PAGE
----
ESL Pull-Out Model: Definition & Strategies

Instructor: Sarah Mills

Sarah is an educational freelance writer and has taught English and ESL in grades k-12 and college. She has a master's degree in both Literacy and TESOL.

In this lesson, teachers will learn about the English as a Second Language (ESL) pull-out model of instruction. The lesson offers strategies for working with ESL students in a small-group, pull-out setting.

The Pull-Out Model: Definition

It's a challenge to meet English as a Second Language (ESL) students' needs for English language learning during an already packed school schedule. Your school may use one of two major models for meeting this challenge.

Some schools prefer for ESL teachers to work directly in students' classrooms, providing instruction in a push-in setting. Other times, teachers utilize the pull-out approach. The pull-out method consists of the ESL teacher pulling students out of their general education classes to work with the teacher either one-on-one or in a small-group setting.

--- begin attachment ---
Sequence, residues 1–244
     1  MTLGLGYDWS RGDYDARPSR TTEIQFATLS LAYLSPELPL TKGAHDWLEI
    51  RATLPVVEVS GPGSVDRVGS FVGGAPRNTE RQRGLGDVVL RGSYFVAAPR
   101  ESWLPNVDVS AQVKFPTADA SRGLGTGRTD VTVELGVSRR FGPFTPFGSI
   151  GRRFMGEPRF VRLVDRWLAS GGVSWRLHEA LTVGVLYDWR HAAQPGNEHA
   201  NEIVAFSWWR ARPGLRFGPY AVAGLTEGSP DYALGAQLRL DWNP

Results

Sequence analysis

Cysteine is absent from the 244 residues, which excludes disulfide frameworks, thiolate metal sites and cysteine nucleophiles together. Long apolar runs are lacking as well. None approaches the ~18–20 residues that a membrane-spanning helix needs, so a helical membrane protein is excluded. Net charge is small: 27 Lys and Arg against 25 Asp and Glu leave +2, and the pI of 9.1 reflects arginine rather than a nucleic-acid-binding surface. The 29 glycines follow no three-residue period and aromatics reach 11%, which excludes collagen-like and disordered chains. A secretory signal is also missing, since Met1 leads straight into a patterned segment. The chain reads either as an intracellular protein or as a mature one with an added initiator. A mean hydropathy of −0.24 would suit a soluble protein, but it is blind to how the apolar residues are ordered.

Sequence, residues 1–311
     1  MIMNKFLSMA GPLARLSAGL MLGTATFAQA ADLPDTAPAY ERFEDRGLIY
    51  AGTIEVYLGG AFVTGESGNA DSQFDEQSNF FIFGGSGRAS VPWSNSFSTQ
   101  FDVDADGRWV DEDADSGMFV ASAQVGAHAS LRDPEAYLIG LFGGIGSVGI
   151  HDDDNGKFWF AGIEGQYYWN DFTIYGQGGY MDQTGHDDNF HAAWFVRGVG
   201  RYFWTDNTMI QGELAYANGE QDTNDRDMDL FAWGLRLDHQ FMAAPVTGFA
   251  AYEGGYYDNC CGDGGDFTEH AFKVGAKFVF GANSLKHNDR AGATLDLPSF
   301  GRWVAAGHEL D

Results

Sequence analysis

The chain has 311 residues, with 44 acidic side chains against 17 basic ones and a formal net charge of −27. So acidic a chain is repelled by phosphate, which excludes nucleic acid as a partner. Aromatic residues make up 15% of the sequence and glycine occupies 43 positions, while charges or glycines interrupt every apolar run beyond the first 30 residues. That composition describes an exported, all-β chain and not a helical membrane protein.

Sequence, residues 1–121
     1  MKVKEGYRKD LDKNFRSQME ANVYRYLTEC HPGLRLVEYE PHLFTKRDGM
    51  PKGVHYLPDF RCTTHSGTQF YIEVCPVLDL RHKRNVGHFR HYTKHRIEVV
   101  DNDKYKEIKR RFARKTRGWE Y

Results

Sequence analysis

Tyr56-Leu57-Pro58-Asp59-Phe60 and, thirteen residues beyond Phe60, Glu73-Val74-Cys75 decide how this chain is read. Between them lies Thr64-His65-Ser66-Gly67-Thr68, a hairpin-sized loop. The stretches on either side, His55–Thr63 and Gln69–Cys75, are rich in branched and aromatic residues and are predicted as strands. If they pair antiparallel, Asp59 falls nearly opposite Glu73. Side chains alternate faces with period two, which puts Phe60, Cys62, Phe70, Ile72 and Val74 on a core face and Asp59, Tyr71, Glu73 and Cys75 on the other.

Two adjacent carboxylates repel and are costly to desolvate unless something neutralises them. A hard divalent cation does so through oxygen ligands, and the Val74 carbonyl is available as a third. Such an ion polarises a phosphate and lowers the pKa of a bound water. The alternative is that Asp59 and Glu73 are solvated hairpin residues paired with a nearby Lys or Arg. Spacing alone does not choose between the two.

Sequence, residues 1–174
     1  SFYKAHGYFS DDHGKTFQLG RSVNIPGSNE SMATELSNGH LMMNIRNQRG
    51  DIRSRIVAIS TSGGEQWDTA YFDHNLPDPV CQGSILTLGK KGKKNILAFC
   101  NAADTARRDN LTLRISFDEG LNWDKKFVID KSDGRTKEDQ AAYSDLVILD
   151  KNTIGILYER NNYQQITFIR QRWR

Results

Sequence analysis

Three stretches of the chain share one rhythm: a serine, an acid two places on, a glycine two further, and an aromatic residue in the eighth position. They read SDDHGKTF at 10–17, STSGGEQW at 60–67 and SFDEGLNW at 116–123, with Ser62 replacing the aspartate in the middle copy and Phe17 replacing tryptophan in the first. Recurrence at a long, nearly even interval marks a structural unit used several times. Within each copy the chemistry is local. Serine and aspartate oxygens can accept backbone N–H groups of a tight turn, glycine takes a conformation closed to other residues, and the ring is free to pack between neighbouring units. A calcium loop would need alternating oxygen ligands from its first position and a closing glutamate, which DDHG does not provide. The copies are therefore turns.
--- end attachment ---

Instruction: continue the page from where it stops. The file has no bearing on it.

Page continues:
The Pull-Out Model: Benefits

The pull-out model can benefit your students in several ways, including:

  • More individualized support
  • A low-risk setting
  • The ability for teachers to closely assess student progress
  • Flexible grouping opportunities for enhanced student support

The Pull-Out Model: Strategies

Now that you know what the ESL pull-out model is, let's look at some specific strategies for using this model.

When NOT to Pull Students

You never want to pull students from fun activities and risk making the students resent ESL instruction. Activities students typically consider fun include recess, lunch, gym, art, and music. You also don't want to pull students during special activities, such as a class pizza party or school talent show.

On the other hand, you don't want students to miss important instruction, either. Math class is important because so many of the skills taught are sequential. You don't want students getting behind in math.

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